Shareholders opposed to a thrift merger are mobilizing to kill the deal at an upcoming shareholder meeting.

In a Nov. 7 letter to shareholders of Hinsdale Financial Corp., the investment firm TGF Investments LP blasted management's plan to combine with Liberty Bancorp, creating a $1.3 billion-asset institution.

"The merits of this proposal are extremely modest and are far outweighed by the deal's detriments," Thomas G. Fitzgerald, managing partner of the firm, wrote in the letter, which was liberally sprinkled with bold-faced words and exclamation points.

"There are strategic alternatives to enhance shareholder value that management should ... explore - and this deal is not one of them," he wrote.

TGF Investments represents 80,000 shares, or about 3% of Hinsdale's 2.7 million outstanding shares.

The furor shows the growing willingness of shareholders in small banks and thrifts to cry foul at management decisions they believe would crimp their returns.

Another investor, Charles Schwab, estimated that the deal is opposed by shareholders controlling as much as 40% of the company's stock. The letter might generate more opposition.

Mr. Schwab, general partner of Kensington Capital Management, acknowledged that the dissident shareholders face tough odds in persuading a majority to vote against the merger at the Nov. 26 meeting. But he said they have a better chance for success than in other proxy battles he has witnessed.

Meanwhile, Hinsdale Financial chief executive Kenne P. Bristol expressed confidence that management would prevail.

"I think the vote will be in favor of the merger," Mr. Bristol said. "I think most shareholders see the value of the merger moving forward."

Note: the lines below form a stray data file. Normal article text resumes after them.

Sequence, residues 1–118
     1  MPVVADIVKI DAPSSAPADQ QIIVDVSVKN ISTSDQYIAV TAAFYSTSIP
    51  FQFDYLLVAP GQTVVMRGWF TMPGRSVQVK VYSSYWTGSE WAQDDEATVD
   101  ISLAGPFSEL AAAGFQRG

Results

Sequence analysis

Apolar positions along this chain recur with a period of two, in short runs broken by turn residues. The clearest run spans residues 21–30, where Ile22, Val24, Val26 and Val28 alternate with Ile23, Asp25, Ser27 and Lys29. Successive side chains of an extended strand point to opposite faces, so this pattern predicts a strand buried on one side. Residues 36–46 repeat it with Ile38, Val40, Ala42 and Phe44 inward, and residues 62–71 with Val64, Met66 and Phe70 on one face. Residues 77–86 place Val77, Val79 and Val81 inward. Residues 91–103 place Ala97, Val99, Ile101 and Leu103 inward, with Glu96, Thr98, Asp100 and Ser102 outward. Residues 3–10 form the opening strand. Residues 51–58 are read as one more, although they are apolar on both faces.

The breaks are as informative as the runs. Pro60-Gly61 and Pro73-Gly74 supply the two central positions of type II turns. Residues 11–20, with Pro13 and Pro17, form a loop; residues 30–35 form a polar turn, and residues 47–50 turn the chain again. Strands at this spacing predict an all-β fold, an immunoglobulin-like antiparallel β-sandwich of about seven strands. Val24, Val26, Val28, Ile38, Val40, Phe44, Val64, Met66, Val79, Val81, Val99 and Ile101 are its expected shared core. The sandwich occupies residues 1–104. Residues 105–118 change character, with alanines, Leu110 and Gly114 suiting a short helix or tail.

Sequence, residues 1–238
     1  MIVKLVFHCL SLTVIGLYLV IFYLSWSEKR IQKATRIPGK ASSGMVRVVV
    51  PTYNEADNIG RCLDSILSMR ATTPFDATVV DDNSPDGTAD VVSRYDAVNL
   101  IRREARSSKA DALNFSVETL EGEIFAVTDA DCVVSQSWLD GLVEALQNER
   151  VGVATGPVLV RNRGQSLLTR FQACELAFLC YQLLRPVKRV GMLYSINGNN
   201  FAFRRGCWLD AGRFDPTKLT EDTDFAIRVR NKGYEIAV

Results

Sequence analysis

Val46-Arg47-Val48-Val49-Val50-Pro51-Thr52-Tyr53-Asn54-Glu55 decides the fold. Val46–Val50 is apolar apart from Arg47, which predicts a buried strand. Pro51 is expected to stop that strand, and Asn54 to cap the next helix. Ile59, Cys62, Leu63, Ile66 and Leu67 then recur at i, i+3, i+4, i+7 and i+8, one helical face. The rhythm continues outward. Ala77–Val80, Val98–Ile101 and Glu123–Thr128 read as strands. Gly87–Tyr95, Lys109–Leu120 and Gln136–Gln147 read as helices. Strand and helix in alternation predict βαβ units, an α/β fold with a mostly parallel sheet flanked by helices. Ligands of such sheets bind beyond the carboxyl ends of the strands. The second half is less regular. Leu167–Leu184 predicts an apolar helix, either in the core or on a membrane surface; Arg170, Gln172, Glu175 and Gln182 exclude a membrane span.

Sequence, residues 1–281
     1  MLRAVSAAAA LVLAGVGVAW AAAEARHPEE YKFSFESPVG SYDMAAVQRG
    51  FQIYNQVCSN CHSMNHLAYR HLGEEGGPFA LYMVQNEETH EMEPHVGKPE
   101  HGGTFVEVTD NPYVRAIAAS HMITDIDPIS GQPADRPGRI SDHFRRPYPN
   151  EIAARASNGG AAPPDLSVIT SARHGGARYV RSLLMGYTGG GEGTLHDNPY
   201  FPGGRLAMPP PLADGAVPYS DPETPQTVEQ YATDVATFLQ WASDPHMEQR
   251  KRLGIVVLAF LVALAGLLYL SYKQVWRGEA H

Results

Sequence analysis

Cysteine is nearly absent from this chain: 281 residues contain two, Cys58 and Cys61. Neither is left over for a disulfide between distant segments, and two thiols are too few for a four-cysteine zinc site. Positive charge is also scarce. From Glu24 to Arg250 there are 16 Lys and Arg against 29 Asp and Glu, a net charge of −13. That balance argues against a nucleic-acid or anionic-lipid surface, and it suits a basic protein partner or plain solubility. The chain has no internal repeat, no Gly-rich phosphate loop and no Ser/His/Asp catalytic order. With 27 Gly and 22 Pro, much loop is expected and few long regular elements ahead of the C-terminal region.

Mr. Bristol said the merger of the two thrifts would create a stronger franchise, combining the western suburban turf of $650.9 million-asset Hinsdale and the suburban and urban territory covered by $664.1 million- asset Liberty.

Further, the combined institution would represent a more attractive takeout target than would either thrift on its own, Mr. Bristol said.

"The big guys would rather take a $5 billion asset institution than a number of $1 billion or $2 billion institutions," Mr. Bristol said.

But opponents of the deal maintain that Hinsdale's franchise is more valuable on its own. Furthermore, merging with Liberty would dilute Hinsdale shareholder returns on potential goodwill claims.

Hinsdale stands to gain up to $48 million from a supervisory goodwill lawsuit against the government - a windfall that would be shared with Liberty stockholders if the merger were approved.

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